Numerous other friction points persist between the two nuclear powers. China frequently complains that India’s offering of refuge to both the Dalai Lama and the headquarters of the exiled Tibetan government constitutes tacit support for China’s territorial disintegration. And India is dismayed by Chinese plans to build a series of dams on the Brahmaputra River, which originates in Tibet but flows into India. Tens of millions depend on the river, and water competition between the two countries will likely continue to grow.
Chinese expansion into the Indian Ocean — which India regards as its backyard — also raises hackles in New Delhi. Indian media reported in April that a classified Defense Ministry document alleged Chinese submarines have been making routine forays into the Indian Ocean. In February, a Chinese company assumed administration of Pakistan’s strategic Gwadar port, reviving fears that China is seeking a stronger foothold along India’s periphery. Geostrategic competition also extends to Myanmar, where China and India have long competed for influence, and is complicated by China’s friendship with India’s archenemy, Pakistan.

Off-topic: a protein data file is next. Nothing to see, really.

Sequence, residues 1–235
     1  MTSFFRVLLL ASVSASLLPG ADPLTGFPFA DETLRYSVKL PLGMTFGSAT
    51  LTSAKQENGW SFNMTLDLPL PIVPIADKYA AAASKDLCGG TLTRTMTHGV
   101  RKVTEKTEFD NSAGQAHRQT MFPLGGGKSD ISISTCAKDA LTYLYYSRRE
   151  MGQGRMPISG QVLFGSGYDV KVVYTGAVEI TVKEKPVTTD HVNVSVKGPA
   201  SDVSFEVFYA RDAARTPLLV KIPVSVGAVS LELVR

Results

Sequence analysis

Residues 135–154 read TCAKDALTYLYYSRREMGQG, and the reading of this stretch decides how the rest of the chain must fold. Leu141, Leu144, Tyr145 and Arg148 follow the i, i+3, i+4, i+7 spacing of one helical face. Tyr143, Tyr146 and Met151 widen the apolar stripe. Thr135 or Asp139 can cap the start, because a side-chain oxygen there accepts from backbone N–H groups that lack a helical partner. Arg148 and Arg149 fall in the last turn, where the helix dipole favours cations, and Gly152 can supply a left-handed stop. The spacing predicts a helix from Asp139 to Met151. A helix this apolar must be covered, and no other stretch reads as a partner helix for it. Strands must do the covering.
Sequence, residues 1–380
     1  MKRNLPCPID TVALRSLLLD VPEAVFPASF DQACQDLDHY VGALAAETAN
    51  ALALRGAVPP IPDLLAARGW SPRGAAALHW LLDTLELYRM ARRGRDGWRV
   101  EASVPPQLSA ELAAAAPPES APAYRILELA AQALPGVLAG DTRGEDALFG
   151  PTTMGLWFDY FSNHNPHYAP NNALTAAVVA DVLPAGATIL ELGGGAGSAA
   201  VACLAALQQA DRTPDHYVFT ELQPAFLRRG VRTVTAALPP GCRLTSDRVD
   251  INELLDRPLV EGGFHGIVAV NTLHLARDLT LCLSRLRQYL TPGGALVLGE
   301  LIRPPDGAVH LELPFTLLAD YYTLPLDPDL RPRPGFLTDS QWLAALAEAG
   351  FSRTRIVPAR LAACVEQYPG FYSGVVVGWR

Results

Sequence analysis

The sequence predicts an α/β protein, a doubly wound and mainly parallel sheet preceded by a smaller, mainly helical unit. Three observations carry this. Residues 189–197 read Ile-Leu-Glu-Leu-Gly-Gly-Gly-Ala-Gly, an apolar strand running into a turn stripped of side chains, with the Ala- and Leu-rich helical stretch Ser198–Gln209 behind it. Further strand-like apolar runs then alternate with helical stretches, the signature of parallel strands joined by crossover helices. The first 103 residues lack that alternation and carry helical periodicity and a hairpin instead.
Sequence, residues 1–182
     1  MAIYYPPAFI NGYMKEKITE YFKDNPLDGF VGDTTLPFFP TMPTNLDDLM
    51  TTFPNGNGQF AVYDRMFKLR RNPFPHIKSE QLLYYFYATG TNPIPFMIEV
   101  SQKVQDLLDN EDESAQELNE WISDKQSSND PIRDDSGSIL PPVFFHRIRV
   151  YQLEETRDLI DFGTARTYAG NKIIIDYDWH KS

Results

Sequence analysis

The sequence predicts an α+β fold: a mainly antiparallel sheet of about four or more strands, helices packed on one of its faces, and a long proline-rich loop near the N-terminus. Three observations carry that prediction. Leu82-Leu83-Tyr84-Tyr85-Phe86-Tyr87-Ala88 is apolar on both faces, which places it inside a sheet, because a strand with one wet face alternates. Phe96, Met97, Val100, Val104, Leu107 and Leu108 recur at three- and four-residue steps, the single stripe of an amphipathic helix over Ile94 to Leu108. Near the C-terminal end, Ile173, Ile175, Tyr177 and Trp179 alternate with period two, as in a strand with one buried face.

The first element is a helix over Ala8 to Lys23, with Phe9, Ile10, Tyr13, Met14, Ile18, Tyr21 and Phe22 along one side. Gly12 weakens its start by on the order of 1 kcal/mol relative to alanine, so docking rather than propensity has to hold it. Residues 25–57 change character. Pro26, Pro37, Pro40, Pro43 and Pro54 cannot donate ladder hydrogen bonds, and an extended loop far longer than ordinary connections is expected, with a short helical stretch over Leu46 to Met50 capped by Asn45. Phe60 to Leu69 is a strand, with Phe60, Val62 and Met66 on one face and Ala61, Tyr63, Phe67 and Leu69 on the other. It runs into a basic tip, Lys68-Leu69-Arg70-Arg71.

And popular mistrust aggravates these political disputes: A 2012 poll by the Pew Research Center found that only 23 percent of both Indians and Chinese hold a “favorable” view of each other.
Now, with Chinese troops in Indian-controlled territory, it is New Delhi’s move. There will be immediate diplomatic implications on the content and atmospherics of upcoming high-level visits. The Indian military will have to consider augmenting its presence and capacity at the border, as it has during previous crises. Some Indian commentators are also suggesting that Delhi re-open the question of China’s legitimate rule over Tibet, which would certainly anger Beijing.